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‘Shakti Maira’s art can be likened to a memoir that rested on his spiritual and aesthetic beliefs’

A beauty polemicist, artist and writer Shakti Maira's practice was rooted in realism and incredibly diverse. He leaves behind a multifaceted legacy

New Delhi |
Updated: May 18, 2021 12:12:40 pm
Shakti sculpting wood at his home in Satoli, Uttarakhand, in 2019
By Sujata Prasad

Philosopher, artist and writer Shakti Maira embodied Nietzsche’s aphorism that every philosophy is a sort of memoir. His art can also be likened to a memoir, that rested on his spiritual and aesthetic beliefs, and had an inward focus. This was exemplified by paintings like Mirror-Inner, Beej, Transitional Self, Fallen Gods and Intimations of Transcendence. His figurative group sculptures in stoneware, bronze and wood — Silent Witnesses, The Seekers, The Sangha, Sadhaka Heads and Formed Resonance — expressed the rich inner experiential nuances of his spiritual journey.

An alumnus of Mayo, St. Stephen’s College, and the Indian Institute of Management Ahmedabad, Shakti handled several high-profile assignments at multinational banks and corporate groups in India, Sri Lanka and the United States. His love for art soon made him realise that he was in it for the long haul. Even while he was plugged into the artistic movements and conversations of the time, he chose to stay away from abstract expressionism. His practice, rooted in realism, was incredibly diverse. He painted with oil, acrylic and mixed media, made collagraph and monotype prints, breaking new ground with his three-dimensional sculptural series. Debuting with an exhibition at Bombay’s Taj Art Gallery in 1973, over the years his remarkable body of work was exhibited at prominent galleries in Delhi, Bangalore, Chennai, Colombo, Paris, Boston, New York, Los Angeles, Washington, Santa Fe, Newport, Concord, Acton, Portland, Rotterdam, Manchester and Cambridge, winning global recognition and accolades.

Wooden sculpture from the ‘Formed Resonance’ series (2016)

Shakti’s spiritual journey began in the 1980s when he was working for the World Bank at Colombo. A chance meeting with Ayya Khema, a senior teacher and practitioner of the Buddhist Jhana meditation, changed his life. It dissolved his attachment to a false sense of self, leading to a state of equanimity and awareness. He returned to India in 2001, after being away for more than two decades, only to discover that “contemporary art was lurching imitatively into western art constructs that had little relevance and simultaneously the broader and integrative art traditions of India were being abandoned thoughtlessly”. This led to months of rigorous research and writing. The summation of this process of churning was a ruminative book on Indian art, design and aesthetics, titled Towards Ananda (2006). The book explores classical traditions in the light of contemporary challenges. It delves into the importance of finding synergy between the aesthetic value of rhythm, harmony, balance and proportion in artistic expression, as well as in development strategies, health, education, city planning, architecture and product design.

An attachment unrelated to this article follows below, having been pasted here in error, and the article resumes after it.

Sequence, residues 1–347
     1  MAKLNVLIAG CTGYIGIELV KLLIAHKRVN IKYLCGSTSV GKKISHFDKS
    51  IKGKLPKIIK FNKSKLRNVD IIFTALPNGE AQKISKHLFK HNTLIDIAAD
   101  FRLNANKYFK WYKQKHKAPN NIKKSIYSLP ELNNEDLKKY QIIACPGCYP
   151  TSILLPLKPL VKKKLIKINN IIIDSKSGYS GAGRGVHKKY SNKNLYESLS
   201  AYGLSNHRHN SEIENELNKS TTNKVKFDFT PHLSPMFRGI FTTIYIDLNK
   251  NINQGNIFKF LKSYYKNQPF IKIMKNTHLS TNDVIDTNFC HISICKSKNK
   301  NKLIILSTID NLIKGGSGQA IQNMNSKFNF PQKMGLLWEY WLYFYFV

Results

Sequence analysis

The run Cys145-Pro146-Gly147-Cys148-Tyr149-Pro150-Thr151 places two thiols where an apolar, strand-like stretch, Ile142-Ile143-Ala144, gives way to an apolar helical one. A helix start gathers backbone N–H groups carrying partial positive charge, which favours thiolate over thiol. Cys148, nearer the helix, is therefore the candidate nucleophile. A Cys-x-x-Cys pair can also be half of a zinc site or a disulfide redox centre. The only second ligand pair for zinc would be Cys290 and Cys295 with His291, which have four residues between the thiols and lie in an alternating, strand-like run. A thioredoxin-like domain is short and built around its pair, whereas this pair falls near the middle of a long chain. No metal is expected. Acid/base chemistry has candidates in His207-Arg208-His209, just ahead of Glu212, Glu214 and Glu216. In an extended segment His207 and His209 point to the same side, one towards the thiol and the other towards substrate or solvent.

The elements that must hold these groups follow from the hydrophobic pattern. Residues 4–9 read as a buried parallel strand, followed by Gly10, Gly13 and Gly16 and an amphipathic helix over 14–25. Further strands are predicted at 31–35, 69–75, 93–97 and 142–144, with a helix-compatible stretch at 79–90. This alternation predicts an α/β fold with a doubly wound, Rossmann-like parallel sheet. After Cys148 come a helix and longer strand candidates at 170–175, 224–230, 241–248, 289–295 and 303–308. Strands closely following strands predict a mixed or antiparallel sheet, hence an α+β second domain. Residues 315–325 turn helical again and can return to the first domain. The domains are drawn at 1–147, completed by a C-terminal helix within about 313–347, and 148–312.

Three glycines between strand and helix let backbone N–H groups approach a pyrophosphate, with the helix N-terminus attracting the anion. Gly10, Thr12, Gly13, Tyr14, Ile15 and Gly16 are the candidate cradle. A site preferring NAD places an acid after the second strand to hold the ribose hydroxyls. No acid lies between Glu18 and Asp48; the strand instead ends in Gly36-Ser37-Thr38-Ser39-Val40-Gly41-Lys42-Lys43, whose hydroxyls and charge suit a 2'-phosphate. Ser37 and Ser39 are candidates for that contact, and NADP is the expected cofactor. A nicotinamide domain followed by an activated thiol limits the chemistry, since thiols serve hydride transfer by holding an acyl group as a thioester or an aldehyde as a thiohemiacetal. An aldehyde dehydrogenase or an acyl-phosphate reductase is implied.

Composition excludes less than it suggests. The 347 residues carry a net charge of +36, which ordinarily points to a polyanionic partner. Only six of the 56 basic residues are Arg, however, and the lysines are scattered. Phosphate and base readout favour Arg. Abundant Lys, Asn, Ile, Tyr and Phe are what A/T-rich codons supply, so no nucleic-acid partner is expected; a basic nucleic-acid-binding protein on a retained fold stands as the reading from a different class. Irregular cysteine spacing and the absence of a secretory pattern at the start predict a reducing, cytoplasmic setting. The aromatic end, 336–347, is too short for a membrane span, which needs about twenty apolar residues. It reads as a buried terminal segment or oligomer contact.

A painting from his last series, ’Subverting Duchamp, Celebrating Beauty’ (2018)

Shakti discovered that he had lymphocytic leukaemia seven or eight years ago, but he made his peace with it. Living for the most part in Delhi with his author and publisher wife, Swati, he continued to paint, write, sculpt and exhibit. In early 2019, he returned to the city where he first debuted, Mumbai, with an extraordinary collection of new and old artwork appropriately titled “Subverting Duchamp, Celebrating Beauty”. Classical music that had always enthralled him soundtracked his remaining life. He spent several meditative hours in learning Dhrupad from the Gundechas and their disciples. Swati and he created a charming second home near Mukteshwar. Nestled away in the mountains, it was a perfect place for reading, writing and meditation. It also ignited his interest in woodcarving.

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‘The Seekers’ – a group of bronze sculpture (2010)

While becoming increasingly frail, he worked on one last anthology, The Promise of Beauty and Why it Matters (2016), moving back to a subject that absorbed him deeply. Making a case for beauty in an overheated, ugly, hyper-globalised world, he wrote that the experience usually begins with our senses, but has the ability to cascade into our feelings and emotions, engage our reason and intellect, and move us at the level of consciousness or spirit. As a diehard beauty polemicist, that is what he strived for.

Former civil servant Sujata Prasad is an author and art columnist. She works as an advisor to the National Gallery of Modern Art.

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